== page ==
Tensions between Iran and Saudi reached a new height on Sunday after the latter severed diplomatic ties with Iran after its Embassy was attacked in Tehran. Diplomats from both took to the media accusing themselves in a diplomatic battle not seen since the eighties. Saudi Arabia executed about 47 people on January 1st who it said were terrorists and among them was a prominent Shia cleric which has angered Iran. The man Sheik Al Nimr was profiled by a website set up in protest against his death sentence. Here how the website described him;
Nimr Baqr al-Nimr (Arabic: نمر باقر النمر) (or Nimr Baqir al-Namr, Nimr Bakir al-Nimr, Nemr Baqir al-Nemr) is an independent Shia Sheikh in al-Awamiyah, Eastern Province, Saudi Arabia. He is popular among youth and critical of the Saudi Arabian government. He claimed that he was beaten by Mabahith when arrested in 2006. In 2009, he criticised Saudi authorities and suggested secession of the Eastern Province if Saudi Shias’ rights were not better respected. A warrant for his arrest was issued and 35 people were arrested. During the 2011–2012 Saudi Arabian protests, al-Nimr called for protestors to resist police bullets using “the roar of the word” rather than violence, predicted the overthrow of the government if repression continued, and was seen by The Guardian as having “taken the lead in the uprising”.
On 8 July 2012 al-Nimr was shot by police in the leg and arrested, in what police described as an exchange of gunfire, however many human rights groups have described police accounts as “fantastical.” The Asharq Center for Human Rights expressed concern for al-Nimr’s health during his hunger strike on 21 August, calling for international support to allow access by family, lawyer and human rights activists.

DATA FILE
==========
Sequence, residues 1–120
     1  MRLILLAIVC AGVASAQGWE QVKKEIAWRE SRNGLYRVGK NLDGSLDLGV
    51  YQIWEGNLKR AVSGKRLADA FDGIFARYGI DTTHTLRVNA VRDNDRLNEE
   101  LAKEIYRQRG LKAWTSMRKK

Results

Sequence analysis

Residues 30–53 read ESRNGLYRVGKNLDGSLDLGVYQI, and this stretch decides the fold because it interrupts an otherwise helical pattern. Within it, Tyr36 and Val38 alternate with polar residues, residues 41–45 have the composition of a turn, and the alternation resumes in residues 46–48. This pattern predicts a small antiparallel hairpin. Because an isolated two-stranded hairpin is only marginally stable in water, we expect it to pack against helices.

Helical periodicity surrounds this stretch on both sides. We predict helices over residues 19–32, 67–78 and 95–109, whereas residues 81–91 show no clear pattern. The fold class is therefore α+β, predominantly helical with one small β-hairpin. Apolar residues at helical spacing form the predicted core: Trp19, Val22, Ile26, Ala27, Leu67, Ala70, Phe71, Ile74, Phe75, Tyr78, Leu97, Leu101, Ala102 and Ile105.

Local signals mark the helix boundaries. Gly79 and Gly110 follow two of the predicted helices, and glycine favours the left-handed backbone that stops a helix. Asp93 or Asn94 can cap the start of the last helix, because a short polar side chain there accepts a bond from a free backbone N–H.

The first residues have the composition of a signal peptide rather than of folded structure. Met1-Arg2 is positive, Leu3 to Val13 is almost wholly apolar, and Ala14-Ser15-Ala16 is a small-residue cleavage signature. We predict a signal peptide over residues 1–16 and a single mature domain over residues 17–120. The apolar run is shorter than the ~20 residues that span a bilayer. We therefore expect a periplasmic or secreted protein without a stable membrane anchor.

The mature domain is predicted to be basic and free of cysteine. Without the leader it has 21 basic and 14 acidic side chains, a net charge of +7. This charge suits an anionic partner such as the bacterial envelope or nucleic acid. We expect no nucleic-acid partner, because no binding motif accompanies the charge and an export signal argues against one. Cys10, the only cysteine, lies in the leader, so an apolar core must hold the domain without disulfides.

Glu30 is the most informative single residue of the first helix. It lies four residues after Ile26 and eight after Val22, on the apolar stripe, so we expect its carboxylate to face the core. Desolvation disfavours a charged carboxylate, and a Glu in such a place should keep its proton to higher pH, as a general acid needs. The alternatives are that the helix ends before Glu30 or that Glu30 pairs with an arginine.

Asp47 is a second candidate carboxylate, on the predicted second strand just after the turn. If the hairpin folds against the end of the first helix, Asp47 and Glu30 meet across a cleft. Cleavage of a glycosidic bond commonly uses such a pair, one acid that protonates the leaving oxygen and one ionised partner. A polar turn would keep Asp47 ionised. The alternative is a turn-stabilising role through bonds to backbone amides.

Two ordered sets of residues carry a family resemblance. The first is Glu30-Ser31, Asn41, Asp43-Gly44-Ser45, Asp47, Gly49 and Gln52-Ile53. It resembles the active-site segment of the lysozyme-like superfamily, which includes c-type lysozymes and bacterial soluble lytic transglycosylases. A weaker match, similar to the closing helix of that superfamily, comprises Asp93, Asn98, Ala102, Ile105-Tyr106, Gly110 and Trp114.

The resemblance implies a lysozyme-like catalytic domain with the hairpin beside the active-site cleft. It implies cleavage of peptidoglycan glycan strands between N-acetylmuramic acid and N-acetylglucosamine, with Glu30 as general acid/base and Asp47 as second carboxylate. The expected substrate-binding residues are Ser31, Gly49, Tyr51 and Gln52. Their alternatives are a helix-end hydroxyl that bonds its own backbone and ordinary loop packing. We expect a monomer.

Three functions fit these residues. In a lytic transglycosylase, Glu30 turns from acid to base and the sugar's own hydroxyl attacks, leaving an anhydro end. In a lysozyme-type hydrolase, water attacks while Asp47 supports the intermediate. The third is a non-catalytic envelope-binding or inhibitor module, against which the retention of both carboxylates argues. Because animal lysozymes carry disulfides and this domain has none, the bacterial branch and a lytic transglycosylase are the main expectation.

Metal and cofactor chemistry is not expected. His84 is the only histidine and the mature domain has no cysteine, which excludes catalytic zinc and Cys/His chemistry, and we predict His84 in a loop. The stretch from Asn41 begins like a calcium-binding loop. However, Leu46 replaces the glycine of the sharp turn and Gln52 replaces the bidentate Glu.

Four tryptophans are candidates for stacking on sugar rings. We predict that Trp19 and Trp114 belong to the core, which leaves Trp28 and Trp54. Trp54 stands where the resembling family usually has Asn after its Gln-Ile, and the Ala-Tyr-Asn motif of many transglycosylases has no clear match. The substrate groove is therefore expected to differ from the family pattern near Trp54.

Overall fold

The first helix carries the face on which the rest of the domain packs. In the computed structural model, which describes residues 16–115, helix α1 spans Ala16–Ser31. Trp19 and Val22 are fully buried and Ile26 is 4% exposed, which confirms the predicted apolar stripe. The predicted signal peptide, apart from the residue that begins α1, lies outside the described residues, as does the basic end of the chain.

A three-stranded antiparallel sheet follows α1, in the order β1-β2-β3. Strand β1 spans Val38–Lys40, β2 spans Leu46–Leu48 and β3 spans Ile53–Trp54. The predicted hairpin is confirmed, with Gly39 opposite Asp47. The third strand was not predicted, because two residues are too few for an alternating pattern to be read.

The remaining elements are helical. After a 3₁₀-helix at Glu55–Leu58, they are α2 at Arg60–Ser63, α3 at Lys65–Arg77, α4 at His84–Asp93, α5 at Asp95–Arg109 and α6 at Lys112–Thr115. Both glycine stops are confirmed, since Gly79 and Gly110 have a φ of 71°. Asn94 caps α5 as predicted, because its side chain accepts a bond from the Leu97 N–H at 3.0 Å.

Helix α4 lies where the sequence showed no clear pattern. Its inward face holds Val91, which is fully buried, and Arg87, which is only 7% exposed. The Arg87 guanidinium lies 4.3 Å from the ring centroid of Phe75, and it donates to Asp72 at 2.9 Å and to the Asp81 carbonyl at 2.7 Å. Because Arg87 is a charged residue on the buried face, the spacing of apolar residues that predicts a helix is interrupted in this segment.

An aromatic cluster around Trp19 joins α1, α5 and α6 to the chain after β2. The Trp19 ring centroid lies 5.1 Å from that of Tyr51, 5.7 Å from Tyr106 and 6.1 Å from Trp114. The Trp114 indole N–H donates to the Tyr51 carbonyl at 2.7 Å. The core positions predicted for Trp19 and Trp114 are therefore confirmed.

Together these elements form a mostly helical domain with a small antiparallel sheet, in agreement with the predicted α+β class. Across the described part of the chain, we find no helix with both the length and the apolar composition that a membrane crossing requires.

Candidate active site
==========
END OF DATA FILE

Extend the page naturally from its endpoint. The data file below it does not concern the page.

On 15 October 2014, al-Nimr was sentenced to death by the Specialized Criminal Court for “seeking ‘foreign meddling’ in Saudi Arabia, ‘disobeying’ its rulers and taking up arms against the security forces” and his brother, Mohammad al-Nimr, was arrested on the same day for tweeting information about the death sentence.
The BBC also describes him as being a vocal supporter of the mass anti-government protests in the province, where a Shia majority have long complained of marginalisation. The BBC also said he had a particularly strong following among Shia youth in Saudi Arabia – as well as in Bahrain. The BBC further explains that Sheikh Nimr was more of a peaceful protester and prefered to fight with words than with weapons. In 2011, he told the BBC that he supported “the roar of the word against authorities rather than weapons… the weapon of the word is stronger than bullets, because authorities will profit from a battle of weapons”.